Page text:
The Ten Greatest Board Games
The Ten Greatest Board Games
10. Trivial Pursuit (1981)
In 1981, two Canadian magazine editors decided to design their own game and ended up creating a champion medium for all sorts of useless facts and knowledge. The gameplay is decent enough, simple in concept, but the trivia challenge is what made this game a huge success. Trivial Pursuit’s popularity continues today, spawning all sorts of updates and specialized versions.
9. Diplomacy (1959)
In 1957, a little game called Risk was published, setting off the popularity of wargames. However two years later, a new war game called Diplomacy was released, with a concept unique to Risk. The players must write down their moves and reveal them at the same time, cutting down on down-time spent between other players’ turns and giving a fresh unpredictability to the gameplay. Diplomacy is most famous for have negotiations, alliances, and double-crossing as an integral part of the game providing lots of room for player interaction.
Diplomacy became very popular and even JFK and Kissinger have declared it to be their favorite game. Diplomacy even grew to include postal games, where players would play from across the country through the mail. A unique and special game, one of the most interactive and involving war games there is.
8. Carcassonne (2000)
Board games seem to currently be in a Renaissance period over the last decade, mostly with the advent of German-style ‘Eurogames’. One of the most popular and unique games to come out of this era is Carcassonne, where rather than beginning with a board, the players create the board as the game goes on, each taking turns placing a new landscape tile and matching features. They then play their board pieces or ‘meeples’ on different areas of the board to perform differing roles which score points in different ways.
Carcassonne is a definitely a different expierence than regular board games, introducing the concept of tile and worker plaecment to many. There are a number of explanations, each of which addd a little something extra to the game without taking away its essence.
7. Tigris and Euphrates (1997)
Reiner Knizia is one of the biggest names in modern board games, and Tigris and Euphrates is often considered his masterpiece. Chances are you haven’t heard of it. It is not a game for the casual board gamer, but is instead a ‘gamer’s game’, full of complexity and skill, a mix of theme and abstract. One of the more complex games out there, wonderfully crafted and beautifully made.
6. Scrabble (1948)
The ultimate word game which has spawned tournaments of all kinds, had full dictionaries written on words that can be used, and created an enjoyable and intellectual leisure activity for people of all ages. Scrabble has garnered a level of respect in society like few other boards games can.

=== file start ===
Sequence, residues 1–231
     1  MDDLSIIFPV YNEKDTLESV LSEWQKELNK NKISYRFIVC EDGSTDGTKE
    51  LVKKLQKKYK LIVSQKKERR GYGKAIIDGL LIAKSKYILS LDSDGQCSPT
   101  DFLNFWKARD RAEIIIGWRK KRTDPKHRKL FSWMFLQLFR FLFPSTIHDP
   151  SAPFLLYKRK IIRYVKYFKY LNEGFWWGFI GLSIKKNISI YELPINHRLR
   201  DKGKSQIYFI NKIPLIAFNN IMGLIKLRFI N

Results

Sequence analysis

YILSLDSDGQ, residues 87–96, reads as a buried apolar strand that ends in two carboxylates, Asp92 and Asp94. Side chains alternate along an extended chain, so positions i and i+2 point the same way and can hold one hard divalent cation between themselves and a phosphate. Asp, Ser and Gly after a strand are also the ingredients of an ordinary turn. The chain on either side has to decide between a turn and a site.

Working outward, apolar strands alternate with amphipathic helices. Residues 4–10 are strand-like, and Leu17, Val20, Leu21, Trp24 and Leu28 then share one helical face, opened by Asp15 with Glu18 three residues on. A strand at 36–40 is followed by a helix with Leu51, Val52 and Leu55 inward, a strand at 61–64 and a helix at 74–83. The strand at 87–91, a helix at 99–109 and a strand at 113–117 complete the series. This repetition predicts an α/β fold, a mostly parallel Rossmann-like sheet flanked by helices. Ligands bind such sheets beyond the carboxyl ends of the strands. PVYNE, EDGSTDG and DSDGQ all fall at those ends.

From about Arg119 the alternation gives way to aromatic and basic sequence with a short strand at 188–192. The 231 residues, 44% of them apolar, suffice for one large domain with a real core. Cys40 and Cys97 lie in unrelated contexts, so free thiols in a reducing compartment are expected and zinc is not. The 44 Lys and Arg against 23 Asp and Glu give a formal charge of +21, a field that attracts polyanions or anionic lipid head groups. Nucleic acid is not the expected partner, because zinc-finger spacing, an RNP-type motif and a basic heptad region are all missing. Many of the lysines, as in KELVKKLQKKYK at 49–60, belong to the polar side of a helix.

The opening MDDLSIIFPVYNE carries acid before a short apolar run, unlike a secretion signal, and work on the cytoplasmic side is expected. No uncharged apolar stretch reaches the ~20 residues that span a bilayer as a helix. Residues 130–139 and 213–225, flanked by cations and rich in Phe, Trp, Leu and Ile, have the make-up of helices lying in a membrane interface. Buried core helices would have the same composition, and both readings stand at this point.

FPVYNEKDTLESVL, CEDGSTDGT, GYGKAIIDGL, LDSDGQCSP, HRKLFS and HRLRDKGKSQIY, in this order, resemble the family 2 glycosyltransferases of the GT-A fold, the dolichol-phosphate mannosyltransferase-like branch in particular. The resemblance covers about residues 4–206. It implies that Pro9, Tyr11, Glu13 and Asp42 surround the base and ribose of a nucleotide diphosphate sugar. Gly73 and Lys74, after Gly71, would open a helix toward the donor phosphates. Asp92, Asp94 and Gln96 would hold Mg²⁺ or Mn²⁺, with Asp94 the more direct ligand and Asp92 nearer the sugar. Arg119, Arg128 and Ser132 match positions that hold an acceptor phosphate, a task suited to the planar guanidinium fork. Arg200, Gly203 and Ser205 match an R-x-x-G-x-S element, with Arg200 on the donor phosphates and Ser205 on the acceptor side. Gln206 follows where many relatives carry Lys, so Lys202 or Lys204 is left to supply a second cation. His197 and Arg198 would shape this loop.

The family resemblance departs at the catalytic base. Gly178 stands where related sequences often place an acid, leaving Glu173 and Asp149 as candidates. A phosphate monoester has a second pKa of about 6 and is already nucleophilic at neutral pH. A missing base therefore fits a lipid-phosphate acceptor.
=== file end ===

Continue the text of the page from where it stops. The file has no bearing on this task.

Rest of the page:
5. Backgammon (200)
Backgammon is one of the oldest games in the world. combining the race game with the dice game. It has a long history and is studied widely. Backgammon even has a World Championship. Backgammon is a pillar of the world of board games which has been around for many, many years and will be for many more to come.
4. Puerto Rico (2002)
Puerto Rico may be one of the most brilliantly constructed board games ever made, with almost no flaws in its design at all. In the game, the players are plantation owners who take turns in various roles (mayor, builder, trader, etc.) which dictate the different phases of the gameplay. The only aspects of luck in the game are the way the plant tiles are drawn (which has little impact on the game) and the strategy of the other players.
Puerto Rico is the Citizen Kane of board games. Not only is it technically brilliant, its also highly enjoyable.
3. The Settlers of Catan (1995)
Settlers of Catan is everything you want in a board game: an interesting theme, lots of player interaction, enjoyable gameplay, a good mix of strategy and chance. Settlers also has the quality of being able to pull almost anyone into its orbit.
The board is made up of 19 hexagonal pieces which are rearranged differently every game so that you never have the same board each time you play. You collect resources from the ‘hexes’ which you use to build settlements and road. Yet the description of the game does not do it justice; this is a fun, involving game that everyone can enjoy. I truly believe that eventually Settlers of Catan will be taking the place of Monopoly as the quintessential board game of modern culture.
2. Go (c. 2200 BC)
From the annals of ancient China comes one of the oldest and greatest board games in the world. Go focuses on balance, tactics and strategy. Perhaps no board game has had quite the cultural impact that Go has had, especially in the Far East. In China, Go was actually known as one of the Four Arts of the Chinese Scholar.
Go ended up spreading to Korea and Japan and eventually to the rest of the world. Go was considered an important skill in some Eastern cultures and is a game with many philosophical implications. It is certainly one of the most important and meaningful board games ever made.
1. Chess (c. 600)
Chess: the grand master of all board games. Originating in India, chess has a long and intricate history of evolution into the game of strategy we know today. The game can be considered a war simulation as well as an abstract exercise of the mind where each individual piece has its own role with one common goal: protect the king.
Chess is often used as a metaphor for such philosophical views and life lessons such as sacrifice and thinking numerous steps ahead. The game is widely studied by scientists and mathematicians and is played at the highest international level, including the famous cold war match of Fischer vs. Spassky.
No board game in the world holds quite the level of popularity and reverence as chess does. It is the ultimate board game and the standard for all recreational challenges of the mind.